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  1. Prayers, Protest, and Police: How Religion Influences Police Presence at Collective Action Events in the United States, 1960 to 1995

    Do police treat religious-based protest events differently than secular ones? Drawing on data from more than 15,000 protest events in the United States (1960 to 1995) and using quantitative methods, we find that law enforcement agents were less likely to show up at protests when general religious actors, actions, or organizations were present. Rather than reflecting privileged legitimacy, we find that this protective effect is explained by religious protesters’ use of less threatening tactics at events.

  2. Orange Is Still Pink: Mental Illness, Gender Roles, and Physical Victimization in Prisons

    Although research has established a very strong relationship between the presence of a psychiatric disorder and victimization in prisons, some gaps remain in our understanding. This study considers the importance of gender differences in this relationship. Estimates based on the 2004 Survey of Inmates in State and Federal Correctional Facilities show that psychiatric disorders have a stronger relationship with victimization among male inmates than among female inmates. Yet the size of the gender difference varies greatly depending on the specific disorder.

  3. Decolonization Not Inclusion: Indigenous Resistance to American Settler Colonialism

    American Indians experience forms of domination and resist them through a wide range of decolonizing processes that are commonly overlooked, misidentified, or minimally analyzed by American sociology. This inattention reflects the naturalizing use of minoritizing frameworks regarding tribal members and ethnic rather than political conceptions of American Indian nationhood, membership, and identity.

  4. Critique of Glenn on Settler Colonialism and Bonilla-Silva on Critical Race Analysis from Indigenous Perspectives

    I critique Glenn’s article on settler colonialism and Bonilla-Silva’s article on critical race analysis from Indigenous perspectives, including racial genocide and world-systems analysis, to cover five centuries of global systemic racism during the conquest of the Americas, by Spanish and English colonizers and United States imperialism. I also propose macro-structural, comparative-historical analysis of racism including the destruction, resistance, and revitalization of Native Nations and American Indians.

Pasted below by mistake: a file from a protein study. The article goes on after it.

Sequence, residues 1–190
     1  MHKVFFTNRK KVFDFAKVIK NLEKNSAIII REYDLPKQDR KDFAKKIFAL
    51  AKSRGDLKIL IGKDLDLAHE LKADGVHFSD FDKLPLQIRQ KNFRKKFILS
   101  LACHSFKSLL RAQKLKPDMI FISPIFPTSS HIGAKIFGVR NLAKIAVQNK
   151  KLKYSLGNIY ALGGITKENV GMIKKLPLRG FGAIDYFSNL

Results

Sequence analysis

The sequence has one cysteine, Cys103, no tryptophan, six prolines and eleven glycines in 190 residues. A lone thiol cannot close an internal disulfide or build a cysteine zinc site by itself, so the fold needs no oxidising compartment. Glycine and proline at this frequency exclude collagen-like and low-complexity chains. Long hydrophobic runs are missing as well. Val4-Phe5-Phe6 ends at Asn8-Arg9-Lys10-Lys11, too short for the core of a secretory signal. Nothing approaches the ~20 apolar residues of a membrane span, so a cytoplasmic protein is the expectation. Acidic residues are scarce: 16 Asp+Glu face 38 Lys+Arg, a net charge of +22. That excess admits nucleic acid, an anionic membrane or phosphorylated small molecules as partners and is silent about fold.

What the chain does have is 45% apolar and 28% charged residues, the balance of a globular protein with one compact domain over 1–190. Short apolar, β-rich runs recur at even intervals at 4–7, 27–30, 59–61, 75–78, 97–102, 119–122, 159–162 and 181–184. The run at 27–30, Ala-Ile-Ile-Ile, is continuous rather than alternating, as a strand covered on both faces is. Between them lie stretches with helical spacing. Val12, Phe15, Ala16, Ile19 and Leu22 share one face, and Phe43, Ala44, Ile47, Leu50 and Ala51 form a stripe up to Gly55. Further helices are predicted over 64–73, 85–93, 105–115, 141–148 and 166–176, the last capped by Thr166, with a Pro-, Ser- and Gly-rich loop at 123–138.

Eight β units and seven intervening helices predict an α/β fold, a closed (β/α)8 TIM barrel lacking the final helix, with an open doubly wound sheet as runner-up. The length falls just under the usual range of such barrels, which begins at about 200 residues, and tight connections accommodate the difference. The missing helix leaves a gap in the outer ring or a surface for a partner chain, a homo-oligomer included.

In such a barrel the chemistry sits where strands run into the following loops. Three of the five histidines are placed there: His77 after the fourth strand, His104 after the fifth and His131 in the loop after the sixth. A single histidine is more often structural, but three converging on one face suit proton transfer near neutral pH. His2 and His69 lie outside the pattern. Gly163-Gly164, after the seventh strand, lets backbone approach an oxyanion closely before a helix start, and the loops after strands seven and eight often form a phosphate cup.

5. Digital Punishment's Tangled Web

    Americans love crime. The criminal justice system is fetishized in popular culture and news media. We watch the news and scour the Internet to assess our own moral compass, take cues from others' digressions, and bear witness to justice and punishment. Historically, we learned about crime through news media and fiction. The Internet has dramatically changed this landscape: for the first time, mug shots and jailhouse rosters are available with a click.

  6. Denunciation and Social Control

    American Sociological Review, Volume 82, Issue 2, Page 384-406, April 2017.
  7. Review Essays: Bully Nation and Our Current Predicament

    The publication of Bully Nation in 2016 could not have been more timely. Its release came as the United States witnessed acts of domestic terrorism and mass shootings, a rash of video-recorded police killings of unarmed African American men, and the successful presidential bid of a candidate whose campaign engaged in unprecedented acts of intimidation and personal abuse of political rivals, including threats of incarceration and political assassination of his opponent in the general election.
  8. Costly Punishment Increases Prosocial Punishment by Designated Punishers: Power and Legitimacy in Public Goods Games

    A classic problem in the literature on authority is that those with the power to enforce cooperation and proper norms of conduct can also abuse or misuse their power. The present research tested the argument that concerns about legitimacy can help regulate the use of power to punish by invoking a sense of what is morally right or socially proper for power-holders.
  9. Prepare for a Vote: Understanding the Proposed Revision to the ASA Code of Ethics

    At the 2014 Annual Meeting in San Francisco, Executive Officer Sally Hillsman, met with the Committee on Professional Ethics (COPE) and suggested that it was time to revise the Code of Ethics. Revisions were last made to the Code 20 years ago, and a great deal of change had taken place. Regulatory and technological advances have had striking impacts on the field. At the time, the Department of Health and Human Services was about to announce changes to The Common Rule, which governs the vast majority of human subjects research efforts.

  10. ASA Signs on to Letter Supporting Federal Data Sources

    The ASA signed on to a letter expressing our strong support for the critical Federal data sources that inform and strengthen our nation’s world-leading economic, educational, democratic and civic institutions and successes. Our Federal statistical and data systems provide information that is uniquely accurate, objective, relevant, timely, and accessible.